The guidelines include tools, resources and practice examples to help with implementation. They expand on the eight domains of palliative care: structure and processes of care, physical aspects of care, psychological and psychiatric aspects of care, social aspects of care, spiritual, religious and existential aspects of care, cultural aspects of care, care of the patient nearing the end of life, and ethical and legal aspects of care.

    So what can you do right now to ensure your patients and their families are getting this vital care?

    • 1.     Download the guidelines and spread the word to your colleagues. 
    • 2.     Review the eight domains with your health care team and/or your organization’s leadership to assess how you can best address the gaps and needs of people living with a serious illness and their caregivers.
    • 3.     Identify specific action steps that your organization can implement to provide quality palliative care and focus on the easily attainable goals first. 

    The purpose of the guidelines is to improve access to quality palliative care by fostering consistent standards and continuity of care across settings. College of Pastoral Supervision and Psychotherapy is a supporting organization of the guidelines so please join us in this national effort so that all people living with serious illness and their families will receive the best care possible. 

    Learn more at www.nationalcoalitionhpc.org/ncp and follow us @CoalitionHPC (#NCPGuidelines).

    ----------

    Raymond J. Lawrence

    Brian H. Childs

  • 31 Oct 2018 9:39 PM | Perry Miller, Editor (Administrator)

    Well, I had purposed in my heart, just prior to this weekend, of foregoing any particular presidential address or even observations. But then the events that took place at the Pittsburgh’s Tree of Life synagogue, yesterday morning caused me to pause.  Then, this morning, I received an email from a fellow CPSP Diplomate, and he challenged me that I or CPSP should call for a meeting of our cognate colleagues to speak to this and the other hate crimes that have recently occurred.…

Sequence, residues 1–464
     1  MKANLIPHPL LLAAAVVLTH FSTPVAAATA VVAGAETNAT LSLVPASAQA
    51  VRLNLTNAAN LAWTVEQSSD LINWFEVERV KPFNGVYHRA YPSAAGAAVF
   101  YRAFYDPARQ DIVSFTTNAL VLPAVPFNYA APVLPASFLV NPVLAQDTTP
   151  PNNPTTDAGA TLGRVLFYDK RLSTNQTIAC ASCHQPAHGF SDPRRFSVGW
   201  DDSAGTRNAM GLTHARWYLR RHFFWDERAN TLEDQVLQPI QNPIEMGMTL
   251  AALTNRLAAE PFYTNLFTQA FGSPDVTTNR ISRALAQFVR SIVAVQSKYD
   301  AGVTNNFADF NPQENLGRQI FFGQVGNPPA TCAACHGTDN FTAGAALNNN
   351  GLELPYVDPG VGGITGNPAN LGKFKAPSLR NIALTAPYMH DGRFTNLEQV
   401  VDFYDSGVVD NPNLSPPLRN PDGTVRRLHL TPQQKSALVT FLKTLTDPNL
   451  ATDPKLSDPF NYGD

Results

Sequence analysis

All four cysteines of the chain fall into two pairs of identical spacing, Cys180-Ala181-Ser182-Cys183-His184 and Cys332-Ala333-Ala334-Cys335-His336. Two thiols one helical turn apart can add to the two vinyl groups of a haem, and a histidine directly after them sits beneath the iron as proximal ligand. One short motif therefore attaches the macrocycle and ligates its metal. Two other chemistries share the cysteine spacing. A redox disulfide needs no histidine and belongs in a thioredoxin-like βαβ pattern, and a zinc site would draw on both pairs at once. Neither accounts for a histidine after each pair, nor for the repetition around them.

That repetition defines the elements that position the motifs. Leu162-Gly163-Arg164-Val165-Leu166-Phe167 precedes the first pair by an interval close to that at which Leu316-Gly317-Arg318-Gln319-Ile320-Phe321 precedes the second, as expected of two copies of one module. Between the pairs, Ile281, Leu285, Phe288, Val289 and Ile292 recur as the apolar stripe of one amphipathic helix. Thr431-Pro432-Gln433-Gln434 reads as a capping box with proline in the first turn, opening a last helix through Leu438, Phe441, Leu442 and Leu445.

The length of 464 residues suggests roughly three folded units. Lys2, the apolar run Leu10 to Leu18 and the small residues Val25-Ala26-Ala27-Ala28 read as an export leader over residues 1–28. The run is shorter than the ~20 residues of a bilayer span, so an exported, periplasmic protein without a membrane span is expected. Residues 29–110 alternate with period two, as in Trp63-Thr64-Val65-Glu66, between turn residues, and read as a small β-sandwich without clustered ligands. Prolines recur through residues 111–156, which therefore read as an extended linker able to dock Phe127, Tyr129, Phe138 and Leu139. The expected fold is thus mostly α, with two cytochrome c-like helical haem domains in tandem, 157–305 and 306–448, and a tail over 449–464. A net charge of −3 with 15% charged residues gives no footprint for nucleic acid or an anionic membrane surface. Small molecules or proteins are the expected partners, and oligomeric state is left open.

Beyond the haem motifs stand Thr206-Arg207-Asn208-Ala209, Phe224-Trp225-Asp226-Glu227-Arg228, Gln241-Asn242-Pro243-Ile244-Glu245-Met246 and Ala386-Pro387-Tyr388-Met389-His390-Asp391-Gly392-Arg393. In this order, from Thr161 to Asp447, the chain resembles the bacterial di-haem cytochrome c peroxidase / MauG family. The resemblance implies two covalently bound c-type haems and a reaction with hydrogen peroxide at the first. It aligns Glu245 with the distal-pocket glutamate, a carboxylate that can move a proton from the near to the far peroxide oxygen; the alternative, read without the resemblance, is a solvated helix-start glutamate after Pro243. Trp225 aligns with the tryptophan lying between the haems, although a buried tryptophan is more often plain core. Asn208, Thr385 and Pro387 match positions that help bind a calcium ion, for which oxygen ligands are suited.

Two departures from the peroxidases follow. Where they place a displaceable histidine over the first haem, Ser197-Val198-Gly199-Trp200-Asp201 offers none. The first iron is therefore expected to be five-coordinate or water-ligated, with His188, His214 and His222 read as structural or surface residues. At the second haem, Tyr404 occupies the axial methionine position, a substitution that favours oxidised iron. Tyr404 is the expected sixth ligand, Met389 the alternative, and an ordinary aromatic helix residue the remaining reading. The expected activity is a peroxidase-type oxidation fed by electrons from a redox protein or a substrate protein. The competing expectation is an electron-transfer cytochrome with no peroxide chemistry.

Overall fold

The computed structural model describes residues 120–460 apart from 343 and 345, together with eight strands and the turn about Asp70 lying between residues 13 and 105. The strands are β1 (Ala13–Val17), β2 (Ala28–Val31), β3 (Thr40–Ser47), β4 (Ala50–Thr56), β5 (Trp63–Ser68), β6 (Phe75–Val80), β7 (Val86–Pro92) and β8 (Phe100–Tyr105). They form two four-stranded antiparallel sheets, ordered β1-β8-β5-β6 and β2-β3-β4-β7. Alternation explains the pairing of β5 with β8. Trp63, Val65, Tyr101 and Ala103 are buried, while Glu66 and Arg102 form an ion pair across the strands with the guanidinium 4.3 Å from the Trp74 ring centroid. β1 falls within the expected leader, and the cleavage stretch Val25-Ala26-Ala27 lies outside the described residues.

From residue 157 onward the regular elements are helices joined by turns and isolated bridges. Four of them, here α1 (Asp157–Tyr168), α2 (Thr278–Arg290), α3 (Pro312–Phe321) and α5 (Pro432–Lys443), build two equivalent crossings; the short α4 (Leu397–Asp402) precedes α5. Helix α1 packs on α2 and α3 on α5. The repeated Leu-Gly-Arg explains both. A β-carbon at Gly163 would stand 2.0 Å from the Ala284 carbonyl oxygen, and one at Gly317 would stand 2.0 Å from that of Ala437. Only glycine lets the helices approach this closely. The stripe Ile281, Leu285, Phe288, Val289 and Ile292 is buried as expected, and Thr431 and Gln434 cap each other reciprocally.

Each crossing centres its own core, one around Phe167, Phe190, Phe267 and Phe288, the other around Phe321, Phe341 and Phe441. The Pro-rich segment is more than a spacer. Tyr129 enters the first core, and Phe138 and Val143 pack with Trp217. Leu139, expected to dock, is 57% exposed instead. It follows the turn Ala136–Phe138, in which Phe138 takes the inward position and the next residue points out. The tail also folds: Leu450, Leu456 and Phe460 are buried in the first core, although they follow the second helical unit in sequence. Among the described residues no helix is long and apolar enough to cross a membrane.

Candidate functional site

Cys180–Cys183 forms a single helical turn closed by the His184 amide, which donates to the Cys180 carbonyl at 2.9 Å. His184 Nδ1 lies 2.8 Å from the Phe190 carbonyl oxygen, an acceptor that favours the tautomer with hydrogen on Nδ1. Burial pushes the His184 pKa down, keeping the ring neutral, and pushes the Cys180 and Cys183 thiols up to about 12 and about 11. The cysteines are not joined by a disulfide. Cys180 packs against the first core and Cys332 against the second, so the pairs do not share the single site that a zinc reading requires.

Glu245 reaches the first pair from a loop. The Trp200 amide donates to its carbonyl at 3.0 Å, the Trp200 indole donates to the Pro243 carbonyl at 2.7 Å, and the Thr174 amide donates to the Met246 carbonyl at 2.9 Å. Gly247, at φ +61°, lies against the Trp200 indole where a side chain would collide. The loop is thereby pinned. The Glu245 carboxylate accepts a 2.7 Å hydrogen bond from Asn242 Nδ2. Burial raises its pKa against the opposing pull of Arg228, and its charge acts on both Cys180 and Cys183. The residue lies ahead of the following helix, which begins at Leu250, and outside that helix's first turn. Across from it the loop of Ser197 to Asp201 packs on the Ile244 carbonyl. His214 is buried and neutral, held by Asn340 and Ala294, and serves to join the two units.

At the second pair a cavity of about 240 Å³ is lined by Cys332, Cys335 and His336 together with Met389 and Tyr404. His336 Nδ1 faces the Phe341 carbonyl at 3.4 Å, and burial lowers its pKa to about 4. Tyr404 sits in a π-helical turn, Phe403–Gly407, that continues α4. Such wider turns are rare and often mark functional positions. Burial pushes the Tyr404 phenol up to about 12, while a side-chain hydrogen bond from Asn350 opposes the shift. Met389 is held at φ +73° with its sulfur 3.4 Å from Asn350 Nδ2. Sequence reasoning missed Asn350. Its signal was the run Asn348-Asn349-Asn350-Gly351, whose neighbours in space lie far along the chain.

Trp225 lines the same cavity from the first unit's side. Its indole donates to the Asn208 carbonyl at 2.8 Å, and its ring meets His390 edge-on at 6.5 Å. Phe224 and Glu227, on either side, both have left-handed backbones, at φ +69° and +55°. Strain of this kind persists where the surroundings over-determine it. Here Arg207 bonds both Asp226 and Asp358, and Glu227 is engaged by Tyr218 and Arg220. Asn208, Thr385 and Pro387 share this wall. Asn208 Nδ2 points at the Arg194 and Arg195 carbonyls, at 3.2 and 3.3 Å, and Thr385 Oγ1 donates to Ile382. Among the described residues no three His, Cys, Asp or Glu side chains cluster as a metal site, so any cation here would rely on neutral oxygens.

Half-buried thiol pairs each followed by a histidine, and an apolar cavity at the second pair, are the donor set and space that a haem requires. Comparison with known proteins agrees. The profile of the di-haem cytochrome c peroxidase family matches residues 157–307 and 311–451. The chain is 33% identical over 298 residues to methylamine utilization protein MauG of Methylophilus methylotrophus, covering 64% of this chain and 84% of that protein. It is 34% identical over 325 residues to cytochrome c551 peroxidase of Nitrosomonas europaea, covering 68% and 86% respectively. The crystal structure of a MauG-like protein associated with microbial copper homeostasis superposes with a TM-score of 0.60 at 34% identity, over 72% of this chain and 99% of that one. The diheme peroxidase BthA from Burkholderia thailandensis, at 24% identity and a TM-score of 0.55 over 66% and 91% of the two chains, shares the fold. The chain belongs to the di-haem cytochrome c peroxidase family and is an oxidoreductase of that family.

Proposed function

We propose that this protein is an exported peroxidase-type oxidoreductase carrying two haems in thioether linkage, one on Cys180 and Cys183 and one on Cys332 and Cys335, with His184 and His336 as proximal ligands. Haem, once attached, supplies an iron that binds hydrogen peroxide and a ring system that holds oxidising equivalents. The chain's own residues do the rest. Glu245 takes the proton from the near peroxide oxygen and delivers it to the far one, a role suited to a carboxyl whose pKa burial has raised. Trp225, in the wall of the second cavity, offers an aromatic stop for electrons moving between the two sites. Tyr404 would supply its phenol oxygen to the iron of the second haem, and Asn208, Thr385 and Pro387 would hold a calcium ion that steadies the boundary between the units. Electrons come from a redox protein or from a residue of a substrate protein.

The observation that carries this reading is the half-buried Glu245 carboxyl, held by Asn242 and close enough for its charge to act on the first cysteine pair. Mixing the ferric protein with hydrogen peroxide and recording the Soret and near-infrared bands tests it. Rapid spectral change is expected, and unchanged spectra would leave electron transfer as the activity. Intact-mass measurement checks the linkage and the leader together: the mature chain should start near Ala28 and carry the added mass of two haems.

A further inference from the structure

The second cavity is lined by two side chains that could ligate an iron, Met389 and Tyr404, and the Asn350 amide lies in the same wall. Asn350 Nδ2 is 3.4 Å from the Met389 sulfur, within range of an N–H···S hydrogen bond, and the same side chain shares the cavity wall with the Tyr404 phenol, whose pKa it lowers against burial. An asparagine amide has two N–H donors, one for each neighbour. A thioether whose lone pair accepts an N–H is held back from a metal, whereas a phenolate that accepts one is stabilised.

The Diplomate complimented General Secretary Raymonds response in the Pastoral Report to that horrific mass murder in Pittsburgh. That piece, which I thought was very good and especially prompt to this event, addressed issues of justice, leadership, and the lack of civility in our current social situation in this country.  The Diplomate challenged me personally to reach out to the various leaders of the other pastoral care cognate groups and that we should call a meeting to discuss -- as a unified group within our profession -- our current national situation.  And that this group of our national pastoral care leaders should produce a statement that we reject—openly,  publicly and  collectively reject—racism, sexism, supremacism, along with some of the very questionable leadership and statements and tweets that we’ve heard from some of our nation’s leaders of late.  The Diplomate emphatically argued that we should gather the leadership of CPSP and invite the other cognate groups to come to the table, talk, and reach a mutual statement of such.  And that triggered something within me this morning, namely that….